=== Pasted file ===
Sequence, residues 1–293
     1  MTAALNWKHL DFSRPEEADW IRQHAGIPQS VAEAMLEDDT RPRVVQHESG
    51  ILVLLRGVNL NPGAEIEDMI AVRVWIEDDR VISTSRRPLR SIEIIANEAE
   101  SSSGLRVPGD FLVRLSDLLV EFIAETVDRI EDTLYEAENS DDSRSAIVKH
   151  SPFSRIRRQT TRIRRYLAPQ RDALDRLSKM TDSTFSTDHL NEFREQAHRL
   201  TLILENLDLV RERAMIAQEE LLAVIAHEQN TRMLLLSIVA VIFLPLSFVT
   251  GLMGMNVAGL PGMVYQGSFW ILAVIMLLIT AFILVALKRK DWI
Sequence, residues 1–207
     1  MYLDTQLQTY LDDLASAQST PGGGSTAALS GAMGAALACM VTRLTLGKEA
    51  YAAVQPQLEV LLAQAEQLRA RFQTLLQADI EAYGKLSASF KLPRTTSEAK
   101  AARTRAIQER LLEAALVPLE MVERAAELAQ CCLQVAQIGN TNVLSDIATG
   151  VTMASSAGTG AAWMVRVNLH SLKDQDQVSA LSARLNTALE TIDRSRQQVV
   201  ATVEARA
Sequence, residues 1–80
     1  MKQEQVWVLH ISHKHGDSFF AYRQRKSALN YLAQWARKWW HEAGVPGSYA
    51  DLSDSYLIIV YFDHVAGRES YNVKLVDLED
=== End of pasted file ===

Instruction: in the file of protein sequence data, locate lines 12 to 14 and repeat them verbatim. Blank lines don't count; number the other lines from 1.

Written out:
   151  VTMASSAGTG AAWMVRVNLH SLKDQDQVSA LSARLNTALE TIDRSRQQVV
   201  ATVEARA
Sequence, residues 1–80